The first Hoosier bishop, Servant of God Simon Bruté, should be numbered among the pivotal players of American Catholicism — an exemplary intellect and man of great holiness. It even can be considered that without Bishop Bruté we might have never known two of our own American saints: St. Theodora Guerin and St. Elizabeth Ann Seton. Bruté’s is a life worth knowing.
When the young Sulpician priest Simon Bruté arrived in the United States in 1810, he established himself as an intellectual at America’s first seminary — St. Mary’s in Baltimore — and then two years later at Mount St. Mary’s in Emmitsburg, Maryland. His capable mind earned his description by President John Quincy Adams as “the most learned man of his day in America.” He used his scholarly gifts to contribute to the early Catholic newspapers being formed throughout the East coast. Further evidence of his zeal for the faith is what earned his appointment as a theological adviser to those early Councils of Baltimore. In those early councils of American hierarchy, Bruté advocated for cohesion in Catholic teaching and practice. He had great love for the faith and its growth in his new beloved mission land.
Bruté’s pastoral heart was also seen beyond his academic pursuits. His work as a priest outside the classroom was equally important. During his tenure in Emmitsburg he became known as a gifted pastor and spiritual director — even serving in that capacity for the future saint and foundress Elizabeth Ann Seton. Following her death he insured the preservation of her papers and writings — he was keenly aware of the future saint’s spiritual depth. Bruté later memorialized Seton: “O, such a mother! Such faith and love! Such a true spirit of prayer, of true humility, of true self-denial in all, of true charity to all!” Many of these words of wisdom could also be applied to Bruté.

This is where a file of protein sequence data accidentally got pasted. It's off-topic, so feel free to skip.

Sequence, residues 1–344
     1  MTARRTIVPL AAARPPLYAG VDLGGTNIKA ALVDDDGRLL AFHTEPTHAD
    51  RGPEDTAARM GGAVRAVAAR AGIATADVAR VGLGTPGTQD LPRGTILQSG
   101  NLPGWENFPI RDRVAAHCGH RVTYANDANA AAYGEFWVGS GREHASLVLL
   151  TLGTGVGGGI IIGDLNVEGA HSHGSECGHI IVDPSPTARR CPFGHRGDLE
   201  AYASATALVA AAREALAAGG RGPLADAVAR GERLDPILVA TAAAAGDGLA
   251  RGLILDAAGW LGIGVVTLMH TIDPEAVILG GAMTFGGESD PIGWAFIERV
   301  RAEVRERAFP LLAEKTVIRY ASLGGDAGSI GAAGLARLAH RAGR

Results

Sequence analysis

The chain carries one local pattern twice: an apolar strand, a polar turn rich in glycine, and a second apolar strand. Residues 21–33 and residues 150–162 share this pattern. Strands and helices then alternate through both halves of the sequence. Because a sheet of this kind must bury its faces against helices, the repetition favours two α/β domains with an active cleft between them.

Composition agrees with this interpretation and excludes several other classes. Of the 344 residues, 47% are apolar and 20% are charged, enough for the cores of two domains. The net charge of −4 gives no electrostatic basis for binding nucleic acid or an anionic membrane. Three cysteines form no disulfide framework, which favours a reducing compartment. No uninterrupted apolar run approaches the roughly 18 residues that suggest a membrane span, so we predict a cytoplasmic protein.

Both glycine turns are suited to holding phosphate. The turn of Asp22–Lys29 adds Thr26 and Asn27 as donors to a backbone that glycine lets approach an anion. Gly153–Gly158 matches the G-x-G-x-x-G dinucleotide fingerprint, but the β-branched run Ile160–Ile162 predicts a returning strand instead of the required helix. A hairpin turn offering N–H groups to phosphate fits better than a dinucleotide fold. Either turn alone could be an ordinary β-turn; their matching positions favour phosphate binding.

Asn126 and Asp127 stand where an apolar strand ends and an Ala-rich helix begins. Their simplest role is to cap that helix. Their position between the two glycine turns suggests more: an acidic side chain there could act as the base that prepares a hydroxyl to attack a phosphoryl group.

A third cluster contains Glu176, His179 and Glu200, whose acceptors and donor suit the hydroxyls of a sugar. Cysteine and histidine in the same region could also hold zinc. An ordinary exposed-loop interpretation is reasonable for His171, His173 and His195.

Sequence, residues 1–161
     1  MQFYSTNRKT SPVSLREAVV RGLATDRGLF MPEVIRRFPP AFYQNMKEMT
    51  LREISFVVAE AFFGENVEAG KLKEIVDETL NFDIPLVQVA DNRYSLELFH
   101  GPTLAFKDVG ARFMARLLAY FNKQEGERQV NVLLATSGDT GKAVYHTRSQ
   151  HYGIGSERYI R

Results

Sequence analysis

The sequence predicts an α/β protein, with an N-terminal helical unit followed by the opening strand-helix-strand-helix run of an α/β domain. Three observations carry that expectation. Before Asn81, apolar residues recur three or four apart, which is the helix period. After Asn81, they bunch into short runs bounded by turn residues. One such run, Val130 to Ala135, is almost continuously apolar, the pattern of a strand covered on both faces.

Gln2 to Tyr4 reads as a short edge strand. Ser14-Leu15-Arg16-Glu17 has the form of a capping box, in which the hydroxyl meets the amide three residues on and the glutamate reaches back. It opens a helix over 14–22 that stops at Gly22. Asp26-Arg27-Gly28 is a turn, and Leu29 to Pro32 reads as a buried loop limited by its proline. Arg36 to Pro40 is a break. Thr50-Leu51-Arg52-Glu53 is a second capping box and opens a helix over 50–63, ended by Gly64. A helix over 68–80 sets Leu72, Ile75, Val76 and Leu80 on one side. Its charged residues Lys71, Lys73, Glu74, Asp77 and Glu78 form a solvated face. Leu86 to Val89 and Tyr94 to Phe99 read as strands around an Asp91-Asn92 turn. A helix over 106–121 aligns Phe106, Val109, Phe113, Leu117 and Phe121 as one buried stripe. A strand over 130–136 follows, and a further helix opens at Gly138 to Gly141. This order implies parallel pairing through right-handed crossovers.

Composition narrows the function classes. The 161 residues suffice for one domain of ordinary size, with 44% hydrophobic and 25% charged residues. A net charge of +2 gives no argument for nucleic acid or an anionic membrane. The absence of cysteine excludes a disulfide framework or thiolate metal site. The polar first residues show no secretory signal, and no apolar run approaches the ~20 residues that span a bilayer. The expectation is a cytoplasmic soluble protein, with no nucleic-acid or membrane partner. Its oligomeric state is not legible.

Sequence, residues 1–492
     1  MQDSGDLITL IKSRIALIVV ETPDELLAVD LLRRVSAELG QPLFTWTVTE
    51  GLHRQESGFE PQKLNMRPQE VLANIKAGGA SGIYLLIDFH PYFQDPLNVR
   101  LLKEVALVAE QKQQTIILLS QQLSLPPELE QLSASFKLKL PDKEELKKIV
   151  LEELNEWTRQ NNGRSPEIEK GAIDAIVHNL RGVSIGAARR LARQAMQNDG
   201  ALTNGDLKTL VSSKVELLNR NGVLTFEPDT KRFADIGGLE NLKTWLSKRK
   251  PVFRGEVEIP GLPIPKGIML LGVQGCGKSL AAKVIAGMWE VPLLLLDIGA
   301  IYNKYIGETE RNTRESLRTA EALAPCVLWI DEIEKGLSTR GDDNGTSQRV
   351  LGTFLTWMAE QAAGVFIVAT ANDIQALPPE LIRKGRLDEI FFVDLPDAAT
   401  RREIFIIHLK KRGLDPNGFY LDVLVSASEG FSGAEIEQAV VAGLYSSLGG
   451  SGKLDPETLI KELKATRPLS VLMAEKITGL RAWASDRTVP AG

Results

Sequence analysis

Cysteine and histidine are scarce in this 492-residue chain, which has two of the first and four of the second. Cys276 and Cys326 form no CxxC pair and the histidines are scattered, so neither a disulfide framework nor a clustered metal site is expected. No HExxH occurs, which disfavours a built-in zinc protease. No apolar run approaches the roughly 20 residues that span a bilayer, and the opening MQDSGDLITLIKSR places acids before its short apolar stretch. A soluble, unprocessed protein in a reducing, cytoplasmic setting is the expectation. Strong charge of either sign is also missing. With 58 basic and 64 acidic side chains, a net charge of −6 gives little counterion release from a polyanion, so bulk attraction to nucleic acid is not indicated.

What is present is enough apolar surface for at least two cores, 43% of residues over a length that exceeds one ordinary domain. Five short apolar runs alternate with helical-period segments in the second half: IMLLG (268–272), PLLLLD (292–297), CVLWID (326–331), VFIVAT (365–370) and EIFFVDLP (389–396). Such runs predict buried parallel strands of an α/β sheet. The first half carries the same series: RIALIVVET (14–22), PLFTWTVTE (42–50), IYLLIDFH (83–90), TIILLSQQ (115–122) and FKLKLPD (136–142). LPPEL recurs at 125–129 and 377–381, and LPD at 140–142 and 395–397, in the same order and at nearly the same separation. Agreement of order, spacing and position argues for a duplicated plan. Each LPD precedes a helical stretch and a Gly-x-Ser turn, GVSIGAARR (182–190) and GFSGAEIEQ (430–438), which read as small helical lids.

In recognition of his deep love for the faith, his great intellect, his tender care and zeal for souls, Bruté was named first bishop in Indiana — then the diocese of Vincennes, now the Archdiocese of Indianapolis — in 1834, remarking, “unworthy as I am of so great an honor, and of myself unequal of the charge, my only trust is in God; and, therefore, earnestly calling for your prayers, that I may obtain His Divine assistance, I come to be your chief pastor.”
As bishop of Vincennes, Bruté was responsible for bringing to Indiana the French Sisters of Providence, led by the valiant St. Theodora Guerin. The bishop wished for their assistance in establishing Catholic education in his new diocese that included the entire state of Indiana and a portion of Illinois including Chicago. The request took time to come to fruition, and they arrived in their new Hoosier mission land the year after Bruté’s 1839 death. St. Theodora’s holiness was forged on the Indiana frontier where she was brought thanks to Bishop Bruté’s intervention.
Many regarded Bruté a saint during his lifetime, and his legacy has endured. In 1891, another great American churchman — Cardinal James Gibbons of Baltimore — said of Bruté on a visit to Vincennes: “Worthy citizens of Vincennes, you need not go on pilgrimages to visit the tombs of saints. There is one reposing here in your midst, namely, the saintly founder of this diocese, Right Reverend Simon Bruté.”
In 2005, one of his successors — then-Archbishop of Indianapolis Daniel Buechlein, O.S.B. — formally began the process that intends Bruté’s canonization. The process continues today, and many hope Bruté’s name soon will be inscribed in the Church’s catalogue of saints.
Michael R. Heinlein is editor of Simply Catholic. Follow him on Twitter @HeinleinMichael.